"Love demands freedom. Love exists only in freedom – not only of choice, but place, gender, race."
"Hatred and resentment are destructive emotions, and the mark of maturity is to transform them into constructive emotions. * * * Furthermore, if we do not confront our hatred and resentment openly, they will tend sooner or later to turn into the one affect which never does anyone any good, namely, self-pity. Self-pity is the "preserved" form of hatred and resentment. One can then...refrain from doing anything about [the problem]. * * * No one can arrive at real love or morality or freedom until he has frankly confronted and worked through his resentment. Hatred and resentment should be used as motivations to re-establish one's genuine freedom: one will not transform those destructive emotions into constructive ones until he does this."
Starhawk: "The self-hater is the literal embodiment of structures of domination. "
"As one of the participants in the SCM conference put it: 'Love is the right to protect the freedom of the other'."
"How wearisome it is to be loved, to be truly loved! How wearisome to be the object of someone else's bundle of emotions! To be changed from someone who wanted to be free, always free, into an errand boy with a responsibility to reciprocate these emotions, to have the decency not to run away, so that the other person will not think one is acting with princely disdain and rejecting the greatest gift the human soul can offer. How wearisome to let one's existence become something absolutely dependent on someone else's feelings; to have no option but to feel, to love a little too, whether or not it is reciprocated."
"Was he [Arthur Schnitzler] right about the impenetrable mask? Wrong at the start, and right in the end: because love, unlike loneliness, is more of a process than a permanent condition. In the German, the "most impenetrable masks" are undurchschaubarsten Masken – the masks you can't see through. (We might note at this point that "loneliness" is feminine: arbitrary genders really are arbitrary, but in this case it's a nice coincidence.) When love comes, there is no mask: or shouldn't be. There is nothing to see through, because you are not lonely. There really is another person sharing your life. But later on a different truth – one you are familiar with, but hoped to have seen the last of – comes shining through. Unlike light in space, it needs a medium to do so, and the medium is the mask itself, seen in retrospect. You are lonely again. You were really lonely all along. You have deceived yourself.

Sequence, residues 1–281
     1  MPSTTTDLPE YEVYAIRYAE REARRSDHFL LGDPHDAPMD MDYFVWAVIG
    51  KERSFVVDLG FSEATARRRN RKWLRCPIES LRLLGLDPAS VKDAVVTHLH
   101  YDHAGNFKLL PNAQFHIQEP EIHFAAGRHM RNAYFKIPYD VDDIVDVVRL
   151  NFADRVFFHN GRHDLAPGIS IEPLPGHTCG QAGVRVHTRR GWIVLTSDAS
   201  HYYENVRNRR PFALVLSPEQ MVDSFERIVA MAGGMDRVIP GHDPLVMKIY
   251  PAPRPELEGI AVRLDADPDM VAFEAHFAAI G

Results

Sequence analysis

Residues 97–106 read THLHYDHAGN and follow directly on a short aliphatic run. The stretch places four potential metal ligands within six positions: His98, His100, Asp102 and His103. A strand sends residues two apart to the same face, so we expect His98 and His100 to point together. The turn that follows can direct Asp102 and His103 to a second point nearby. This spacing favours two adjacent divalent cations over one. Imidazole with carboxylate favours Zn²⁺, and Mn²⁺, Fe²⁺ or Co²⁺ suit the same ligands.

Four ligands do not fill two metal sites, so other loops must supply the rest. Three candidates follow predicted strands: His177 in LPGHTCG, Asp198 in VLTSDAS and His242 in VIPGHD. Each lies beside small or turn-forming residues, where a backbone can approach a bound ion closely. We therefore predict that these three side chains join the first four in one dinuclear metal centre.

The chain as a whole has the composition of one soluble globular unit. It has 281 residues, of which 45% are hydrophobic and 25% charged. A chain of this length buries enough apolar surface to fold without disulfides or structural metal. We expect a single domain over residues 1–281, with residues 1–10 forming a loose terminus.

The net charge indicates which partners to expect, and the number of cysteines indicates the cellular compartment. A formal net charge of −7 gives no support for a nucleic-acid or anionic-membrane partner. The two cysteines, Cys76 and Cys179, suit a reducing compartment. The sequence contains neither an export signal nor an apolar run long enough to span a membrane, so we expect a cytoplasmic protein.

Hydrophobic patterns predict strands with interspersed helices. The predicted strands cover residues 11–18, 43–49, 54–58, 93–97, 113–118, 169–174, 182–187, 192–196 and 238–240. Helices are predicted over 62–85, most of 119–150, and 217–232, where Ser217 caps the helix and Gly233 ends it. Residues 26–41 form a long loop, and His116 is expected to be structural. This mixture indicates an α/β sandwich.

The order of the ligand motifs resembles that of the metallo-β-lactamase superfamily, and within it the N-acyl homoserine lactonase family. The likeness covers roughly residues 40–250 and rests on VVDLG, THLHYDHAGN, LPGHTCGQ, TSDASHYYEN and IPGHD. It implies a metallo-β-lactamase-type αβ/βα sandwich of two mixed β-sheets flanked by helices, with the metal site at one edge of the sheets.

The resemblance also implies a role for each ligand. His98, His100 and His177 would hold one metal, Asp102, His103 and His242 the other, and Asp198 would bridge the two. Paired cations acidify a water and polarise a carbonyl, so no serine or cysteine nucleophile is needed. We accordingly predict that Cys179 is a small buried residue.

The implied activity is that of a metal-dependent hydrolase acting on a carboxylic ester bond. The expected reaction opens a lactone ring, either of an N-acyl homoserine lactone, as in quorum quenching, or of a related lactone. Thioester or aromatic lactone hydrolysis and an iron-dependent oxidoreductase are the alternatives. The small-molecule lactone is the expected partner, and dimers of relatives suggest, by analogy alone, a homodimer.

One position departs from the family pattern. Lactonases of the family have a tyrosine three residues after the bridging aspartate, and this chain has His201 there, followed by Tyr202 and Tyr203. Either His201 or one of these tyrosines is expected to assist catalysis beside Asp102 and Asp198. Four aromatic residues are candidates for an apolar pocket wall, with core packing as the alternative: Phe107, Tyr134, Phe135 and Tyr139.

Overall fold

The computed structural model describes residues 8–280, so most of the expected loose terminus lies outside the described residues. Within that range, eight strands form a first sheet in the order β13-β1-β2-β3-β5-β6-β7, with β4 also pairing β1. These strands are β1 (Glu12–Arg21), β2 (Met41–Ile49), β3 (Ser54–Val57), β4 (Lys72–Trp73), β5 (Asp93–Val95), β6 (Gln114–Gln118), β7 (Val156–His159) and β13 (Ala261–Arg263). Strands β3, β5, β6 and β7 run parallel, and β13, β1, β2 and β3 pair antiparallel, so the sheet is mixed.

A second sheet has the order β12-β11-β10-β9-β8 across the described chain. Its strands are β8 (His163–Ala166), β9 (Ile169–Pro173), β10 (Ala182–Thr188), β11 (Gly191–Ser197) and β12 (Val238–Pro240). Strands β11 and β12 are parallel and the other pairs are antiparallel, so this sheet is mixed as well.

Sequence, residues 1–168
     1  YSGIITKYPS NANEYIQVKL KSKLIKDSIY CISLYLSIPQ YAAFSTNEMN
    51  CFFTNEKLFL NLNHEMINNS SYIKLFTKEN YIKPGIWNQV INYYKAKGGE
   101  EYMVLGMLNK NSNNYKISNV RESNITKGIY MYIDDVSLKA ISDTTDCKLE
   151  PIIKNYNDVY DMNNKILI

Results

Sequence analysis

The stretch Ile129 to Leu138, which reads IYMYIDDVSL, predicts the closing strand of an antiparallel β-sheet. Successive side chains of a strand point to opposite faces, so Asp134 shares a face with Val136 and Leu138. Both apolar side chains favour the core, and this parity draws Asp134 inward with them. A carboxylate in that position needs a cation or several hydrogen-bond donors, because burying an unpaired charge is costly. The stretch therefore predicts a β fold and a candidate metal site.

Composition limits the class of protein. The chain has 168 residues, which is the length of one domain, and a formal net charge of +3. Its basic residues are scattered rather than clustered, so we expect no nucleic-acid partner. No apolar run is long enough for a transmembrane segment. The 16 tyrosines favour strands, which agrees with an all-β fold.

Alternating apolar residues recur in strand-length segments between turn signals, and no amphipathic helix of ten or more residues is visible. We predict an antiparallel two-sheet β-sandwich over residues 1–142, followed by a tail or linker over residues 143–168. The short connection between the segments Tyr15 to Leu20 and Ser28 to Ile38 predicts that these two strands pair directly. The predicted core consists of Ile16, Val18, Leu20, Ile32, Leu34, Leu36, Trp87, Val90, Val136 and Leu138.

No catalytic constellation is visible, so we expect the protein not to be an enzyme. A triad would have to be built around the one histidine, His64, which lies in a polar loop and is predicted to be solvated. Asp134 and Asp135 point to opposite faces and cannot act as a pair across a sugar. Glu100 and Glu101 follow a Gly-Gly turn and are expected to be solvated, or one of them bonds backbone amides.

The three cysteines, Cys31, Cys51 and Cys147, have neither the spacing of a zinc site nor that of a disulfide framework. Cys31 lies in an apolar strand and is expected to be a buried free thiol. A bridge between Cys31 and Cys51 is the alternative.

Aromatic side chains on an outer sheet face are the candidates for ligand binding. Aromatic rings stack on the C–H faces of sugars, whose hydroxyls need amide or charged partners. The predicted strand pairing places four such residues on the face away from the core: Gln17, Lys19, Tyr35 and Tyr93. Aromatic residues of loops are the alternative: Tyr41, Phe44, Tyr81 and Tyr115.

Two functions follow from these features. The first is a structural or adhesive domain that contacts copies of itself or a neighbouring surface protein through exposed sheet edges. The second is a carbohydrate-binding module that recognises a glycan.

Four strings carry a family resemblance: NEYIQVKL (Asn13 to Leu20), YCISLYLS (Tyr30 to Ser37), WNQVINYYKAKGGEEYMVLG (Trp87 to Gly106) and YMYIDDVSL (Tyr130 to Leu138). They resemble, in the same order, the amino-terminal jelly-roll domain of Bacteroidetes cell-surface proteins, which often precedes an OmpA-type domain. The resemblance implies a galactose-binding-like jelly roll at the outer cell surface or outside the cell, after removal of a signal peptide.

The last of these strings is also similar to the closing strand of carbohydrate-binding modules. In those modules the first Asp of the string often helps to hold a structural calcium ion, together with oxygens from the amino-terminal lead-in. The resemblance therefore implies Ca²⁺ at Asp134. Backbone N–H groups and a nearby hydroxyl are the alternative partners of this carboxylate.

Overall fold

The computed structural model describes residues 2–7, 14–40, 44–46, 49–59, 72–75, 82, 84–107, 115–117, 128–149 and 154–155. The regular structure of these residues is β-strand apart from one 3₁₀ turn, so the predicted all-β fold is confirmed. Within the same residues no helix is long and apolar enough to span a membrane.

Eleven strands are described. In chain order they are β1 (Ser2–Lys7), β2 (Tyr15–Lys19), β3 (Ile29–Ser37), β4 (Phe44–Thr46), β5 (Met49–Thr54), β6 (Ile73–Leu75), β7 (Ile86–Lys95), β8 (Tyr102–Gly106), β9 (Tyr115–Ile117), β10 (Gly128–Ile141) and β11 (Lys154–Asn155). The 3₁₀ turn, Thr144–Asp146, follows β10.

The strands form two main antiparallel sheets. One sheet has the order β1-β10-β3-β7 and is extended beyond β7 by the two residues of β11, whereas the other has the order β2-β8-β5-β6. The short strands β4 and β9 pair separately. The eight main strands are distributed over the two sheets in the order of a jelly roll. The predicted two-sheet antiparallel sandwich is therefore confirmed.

It would have been a desolating view if Schnitzler had been quite sure of it. But if he had been quite sure of it he would not have gone on worrying at it. On the same great page – great books have great pages, and in this book page 117 is one of the greatest – he tries again. "That we feel bound by a steady longing for freedom, and that we also seek to bind someone else, without being convinced that such a thing is within our rights – that is what makes any loving relationship so problematic." The question here is about possessiveness, and the first thing to see is that there would be no possessiveness if there were nothing real to possess. So this is not loneliness concealed by an impenetrable mask. This is the other person, whom you love enough to be worried about her rights. You are worried, that is, about someone who is not yourself. You want to be free, and assume that she does too: but you want her to be yours. You could want that with a whole heart if your heart were less sympathetic. There have been men in all times, and there are still men all over the world, who have no trouble in believing that their women belong to them. But those men are not educated. If Schnitzler's writings on the subject can be said to have a tendency, it is to say that love provides an education. What is problematic about the relationship is essentially what tells you it is one. It might not be an indissoluble bond, but as an insoluble problem it gives you the privilege of learning that freedom for yourself means nothing without freedom for others. When you love, the problem begins, and so does your real life."
Character of Naksh-i-dil. Barbara Chase-Riboud. Valide: A Novel of the Harem. New York: William Morrow and Company, 1986. p 316.
Rollo May, Man's Search for Himself. New York: W.W.Norton & Co., Inc., 1953. pp. 151, 153, 154.
Starhawk. Truth or Dare: Encounters with Power, Authority, and Mystery. New York: Harper Collins, 1987. p 96.
"A Christian Basis for Gay Relationships," by Michael Keeling, in Towards a Theology of Gay Liberation, p. 106
Fernando Pessoa. The Book of Disquiet. Edited by Maria Jose de Lancastre. Translated by Margaret Jull Costa. London: Serpent's Tail, 1991. p. 161. (It is a collection of writings that were unorganized upon Pessoa's death in 1935).
Clive James. Cultural Amnesia: Necessary Memories from History and the Arts. (2007) New York: Norton, 2008. p. 702.